Eucheuma, also called guso, is a seaweed alga that comes in red, brown, or green color. It’s best eaten fresh like a salad with vinegar and spices. It’ll make for a great side dish for fried fish, roast pork, or other grilled meat. Aside from food consumption, it’s also used as an ingredient in cosmetics, food processing, and industrial manufacturing.
Gracilaria, known as ogonori in Japan, gulaman in the Philippines, and kkosiraegi in Korea, is a type of red algae that is cultivated in Asia, Africa, Oceania, and South America. It has cylindrical, compressed, and irregular branches which give it a bushy appearance. It can be eaten fresh in salad, sun-bleached as a thickener, or dried in vegetable-based gelatin.
Green laver, known as aonori in Japan, sea cabbage in China, and parae in Korea, is a type of edible green seaweed. Its dried and powdered form works perfectly with many Japanese dishes like okonomiyaki, yakisoba, and Takoyaki. It’s also used in powdered condiments like furikake, rice seasoning, and shichimi togarashi, a Japanese spice blend.
Hijiki, also called hiziki, is a brown alga that grows on the rocky coastlines of East Asia. This dark brown seaweed is usually sold dried looking like tiny black twigs. Hijiki is commonly served as a starter or appetizer in Japanese and Korean cuisines. It’s great for salads, soups, and other vegetarian dishes.
Irish moss, or carrageen moss, is a red alga that is commonly found in Europe and North America’s Atlantic coast. Its color varies from greenish-yellow to purplish-brown. Irish moss has thin branching fanlike fronds. It can be used raw to make a gel for smoothies, soups, stews, or oatmeal. It can be used as a substitute for eggs or as a thickening agent.
Kombu, or dasima in Korean or haidai In Chinese, is an edible kelp that is widely consumed as food in East Asia. In Japan, kombu can be eaten fresh in sashimi, and are commonly sold dried, pickled in vinegar, or dried shred. It can be used in making tea called kobucha and in seasoning rice for sushi.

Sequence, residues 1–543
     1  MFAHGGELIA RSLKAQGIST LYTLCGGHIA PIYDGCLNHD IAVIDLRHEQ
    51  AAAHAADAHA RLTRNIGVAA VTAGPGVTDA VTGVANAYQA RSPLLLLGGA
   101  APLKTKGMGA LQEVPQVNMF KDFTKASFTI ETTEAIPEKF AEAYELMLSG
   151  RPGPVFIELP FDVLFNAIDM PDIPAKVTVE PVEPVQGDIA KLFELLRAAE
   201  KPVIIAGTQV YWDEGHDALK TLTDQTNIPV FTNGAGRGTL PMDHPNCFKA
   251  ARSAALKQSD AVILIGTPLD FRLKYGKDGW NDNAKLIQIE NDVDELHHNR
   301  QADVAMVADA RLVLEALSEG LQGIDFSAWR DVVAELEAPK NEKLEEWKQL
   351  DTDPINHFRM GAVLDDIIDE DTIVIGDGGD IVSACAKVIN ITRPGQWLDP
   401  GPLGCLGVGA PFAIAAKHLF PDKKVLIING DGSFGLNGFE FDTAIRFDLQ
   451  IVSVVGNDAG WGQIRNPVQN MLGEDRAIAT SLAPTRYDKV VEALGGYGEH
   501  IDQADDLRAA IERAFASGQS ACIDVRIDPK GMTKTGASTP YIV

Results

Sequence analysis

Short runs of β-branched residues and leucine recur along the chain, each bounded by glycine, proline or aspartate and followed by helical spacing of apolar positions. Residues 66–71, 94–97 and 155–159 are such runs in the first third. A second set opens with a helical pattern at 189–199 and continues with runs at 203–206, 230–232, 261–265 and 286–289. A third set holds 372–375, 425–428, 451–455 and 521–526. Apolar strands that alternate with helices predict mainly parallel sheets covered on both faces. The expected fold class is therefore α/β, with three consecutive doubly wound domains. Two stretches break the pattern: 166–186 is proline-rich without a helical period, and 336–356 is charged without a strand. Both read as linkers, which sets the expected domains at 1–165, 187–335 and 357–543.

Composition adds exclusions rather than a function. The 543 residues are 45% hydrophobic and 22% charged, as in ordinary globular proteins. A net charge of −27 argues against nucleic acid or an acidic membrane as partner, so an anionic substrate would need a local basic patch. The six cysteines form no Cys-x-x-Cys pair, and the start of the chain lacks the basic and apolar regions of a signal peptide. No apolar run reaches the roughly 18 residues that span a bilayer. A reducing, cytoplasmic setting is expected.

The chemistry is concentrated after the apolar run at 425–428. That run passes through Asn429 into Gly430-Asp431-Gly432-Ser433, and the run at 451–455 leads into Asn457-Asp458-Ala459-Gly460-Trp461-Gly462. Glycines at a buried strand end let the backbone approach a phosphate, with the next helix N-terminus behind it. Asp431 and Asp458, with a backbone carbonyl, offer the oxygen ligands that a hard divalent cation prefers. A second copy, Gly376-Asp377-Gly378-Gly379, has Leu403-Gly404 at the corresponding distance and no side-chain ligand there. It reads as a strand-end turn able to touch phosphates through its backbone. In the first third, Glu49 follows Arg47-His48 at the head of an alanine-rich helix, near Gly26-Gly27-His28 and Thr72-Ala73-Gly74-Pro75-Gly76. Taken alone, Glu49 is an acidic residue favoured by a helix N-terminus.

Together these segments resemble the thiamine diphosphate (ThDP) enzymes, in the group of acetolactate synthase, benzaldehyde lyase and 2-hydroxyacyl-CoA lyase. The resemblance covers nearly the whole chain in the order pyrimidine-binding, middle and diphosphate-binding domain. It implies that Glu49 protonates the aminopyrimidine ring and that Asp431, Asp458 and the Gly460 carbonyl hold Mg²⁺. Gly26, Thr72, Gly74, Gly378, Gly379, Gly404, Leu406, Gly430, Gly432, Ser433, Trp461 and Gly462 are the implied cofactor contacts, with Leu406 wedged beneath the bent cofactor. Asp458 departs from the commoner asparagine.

Oarweed, also called tangleweed or sea tangle, is a brown alga commonly found on rocks and rocky sea bottoms in the western part of the Atlantic Ocean. This brown-green seaweed has long fronds with finger-like blades. Oarweed is not traditionally eaten raw. It’s used in its dried form which is added to soups or stocks. It is also used in manufacturing papers and textiles and as food stabilizers.
Salicornia, also called sea asparagus, sea beans, sea pickle, or marsh samphire, is a leafless salt-marsh plant indigenous to the Arabian Sea and Pakistan and Indian coasts. It has bright green branches that look like small asparagus. It can be eaten blanched and used as salad toppings or sides for fish. It’s also great for pickling.
Sea grapes, also called green caviar, are green algae that are from the coastal regions in the Indo-Pacific. The name green caviar is due to its appearance that resembles fish roe. It also has that soft and succulent texture. It can be eaten raw with a dipping sauce of soy and vinegar as a side dish or snack. It can be made into a salad as well, mixed with chopped shallots and tomatoes and then dressed with fish sauce or fish paste.